Saturday, April 14, 2007

Vehicle-to-Grid is such a strange idea, why are people pursuing it?

"Vehicle-to-Grid" is a kind of reverse plug-in hybrid electric. The idea is some kind of poppycock wet dream that I don't understand the purpose its development. This idea comes around occasionally and involves some overly hyped breathless descriptions of the possibilities inherent in a car that has an onboard electricity generating plant. I've seen this idea applied to fuel cell cars and now to hybrid-electric cars.

PG&E Demonstrates Vehicle-to-Grid Technology and PG&E demonstrates first ever vehicle-to-grid charging and PG&E sees plug-in hybrids as potential profit centers discuss a recent showing by Pacific Gas and Electric of a modified Prius that has vehicle-to-grid capabilities. "The basic principle here is that electric cars charged at night while electricity is cheap can actually give some of that power back during the day when electricity costs more, and the owners of the vehicle that is giving that power back can get a credit towards the purchase of electricity when the car charges back up."

That's the idea .. that a hybrid electric car, or for that matter a fuel cell car, contains on board the car equipment capable of generating electricity. So why not, these people suggest, connect the car to the grid and use the onboard generator to generate electricity and sell it to the power company. And then the article suggests that time-of-use metering will allow the car owner to buy that electricity back in the evening when rates are cheaper.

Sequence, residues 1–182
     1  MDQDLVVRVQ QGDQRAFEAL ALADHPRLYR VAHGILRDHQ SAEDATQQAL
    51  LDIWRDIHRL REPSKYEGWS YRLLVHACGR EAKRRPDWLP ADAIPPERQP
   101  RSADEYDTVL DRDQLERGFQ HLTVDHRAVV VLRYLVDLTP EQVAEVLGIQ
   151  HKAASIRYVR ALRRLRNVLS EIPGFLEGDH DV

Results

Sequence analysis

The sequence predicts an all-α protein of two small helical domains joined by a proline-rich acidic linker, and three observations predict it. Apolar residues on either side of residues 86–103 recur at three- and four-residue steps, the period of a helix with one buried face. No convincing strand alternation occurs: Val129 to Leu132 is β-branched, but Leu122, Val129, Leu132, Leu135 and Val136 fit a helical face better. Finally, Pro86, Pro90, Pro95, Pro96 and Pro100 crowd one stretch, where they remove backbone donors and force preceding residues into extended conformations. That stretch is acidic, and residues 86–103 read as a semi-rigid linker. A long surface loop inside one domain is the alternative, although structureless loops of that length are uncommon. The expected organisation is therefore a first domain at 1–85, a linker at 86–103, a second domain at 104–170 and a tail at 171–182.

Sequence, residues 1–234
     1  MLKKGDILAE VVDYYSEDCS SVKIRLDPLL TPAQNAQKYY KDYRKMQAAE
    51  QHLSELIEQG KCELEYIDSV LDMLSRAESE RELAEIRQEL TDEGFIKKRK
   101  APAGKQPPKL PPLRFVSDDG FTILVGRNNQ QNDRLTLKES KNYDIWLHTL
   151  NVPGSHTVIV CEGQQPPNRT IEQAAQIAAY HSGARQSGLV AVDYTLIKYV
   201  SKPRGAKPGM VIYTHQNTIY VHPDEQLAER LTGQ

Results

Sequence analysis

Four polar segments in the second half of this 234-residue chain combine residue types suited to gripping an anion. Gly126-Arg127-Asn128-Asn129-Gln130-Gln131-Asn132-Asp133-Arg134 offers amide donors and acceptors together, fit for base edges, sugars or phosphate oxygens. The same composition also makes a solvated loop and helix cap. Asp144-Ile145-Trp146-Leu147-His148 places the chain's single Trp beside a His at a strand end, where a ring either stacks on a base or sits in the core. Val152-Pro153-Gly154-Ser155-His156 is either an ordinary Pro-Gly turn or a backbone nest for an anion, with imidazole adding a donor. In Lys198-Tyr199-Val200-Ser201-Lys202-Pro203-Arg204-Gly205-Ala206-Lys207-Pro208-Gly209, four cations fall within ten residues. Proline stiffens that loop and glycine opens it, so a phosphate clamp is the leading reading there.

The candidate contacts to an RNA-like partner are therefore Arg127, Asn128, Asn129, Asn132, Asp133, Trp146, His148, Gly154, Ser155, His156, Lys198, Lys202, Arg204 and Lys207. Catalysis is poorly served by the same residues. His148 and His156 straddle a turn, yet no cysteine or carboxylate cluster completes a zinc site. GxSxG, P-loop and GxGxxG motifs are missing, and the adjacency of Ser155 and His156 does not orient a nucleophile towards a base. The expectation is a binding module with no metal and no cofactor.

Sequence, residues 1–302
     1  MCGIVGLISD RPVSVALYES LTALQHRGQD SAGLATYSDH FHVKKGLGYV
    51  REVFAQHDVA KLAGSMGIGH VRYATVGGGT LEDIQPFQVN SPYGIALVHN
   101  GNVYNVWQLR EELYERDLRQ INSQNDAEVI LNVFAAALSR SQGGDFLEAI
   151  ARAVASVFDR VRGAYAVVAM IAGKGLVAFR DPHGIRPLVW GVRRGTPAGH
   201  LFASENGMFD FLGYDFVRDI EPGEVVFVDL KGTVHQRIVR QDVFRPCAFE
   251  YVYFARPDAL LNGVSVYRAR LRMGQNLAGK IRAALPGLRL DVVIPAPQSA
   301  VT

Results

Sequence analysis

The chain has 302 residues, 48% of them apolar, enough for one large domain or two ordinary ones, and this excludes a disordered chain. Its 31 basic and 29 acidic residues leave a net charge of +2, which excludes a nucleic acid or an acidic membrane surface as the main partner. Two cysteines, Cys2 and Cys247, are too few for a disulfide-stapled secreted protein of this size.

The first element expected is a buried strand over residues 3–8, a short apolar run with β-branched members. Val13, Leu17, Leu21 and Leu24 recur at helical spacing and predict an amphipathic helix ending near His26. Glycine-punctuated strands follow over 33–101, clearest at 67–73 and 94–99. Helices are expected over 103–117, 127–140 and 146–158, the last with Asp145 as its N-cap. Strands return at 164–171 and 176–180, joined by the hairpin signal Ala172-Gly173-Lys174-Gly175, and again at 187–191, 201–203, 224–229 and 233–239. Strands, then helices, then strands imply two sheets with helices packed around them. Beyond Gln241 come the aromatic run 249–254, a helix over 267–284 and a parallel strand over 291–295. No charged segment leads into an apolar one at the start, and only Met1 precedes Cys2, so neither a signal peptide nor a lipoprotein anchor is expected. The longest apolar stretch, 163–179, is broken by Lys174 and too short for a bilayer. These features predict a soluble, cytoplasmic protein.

Since the articles linked above are doing such a good job of portraying this as a positive thing, I want to list out some alternative points of view.

First is the cost and effort to load power into a car. For a hybrid car that means making a stop at a gasoline station, or for a fuel cell car it's a stop at a different kind of gas station. The use of the onboard generator means depleting that fuel, which then decreases the range of the car requiring the driver to make a stop at the gas station (of either kind) more frequently.

Second, time of use metering is rarely available to consumers. Instead consumers most often see flat electricity rates. The advantage accrues only when time of use metering is available.

Third, it's especially egregious to tie vehicle-to-grid to a gasoline burning vehicle. The goal is to reduce gasoline usage to zero, not to continue gasoline usage.

Fourth, a comprehensively installed vehicle-to-grid system means electrical intertie points at most or every parking spot in a parking lot. This would drastically increase the cost of building parking lots ... think, do you see power outlets installed in parking lots today? No. And we're not talking normal power outlets, but one capable of accepting power as well as sending power. This sounds like complexity, and would we trust average consumers to properly operate a power intertie system connected to their cars?


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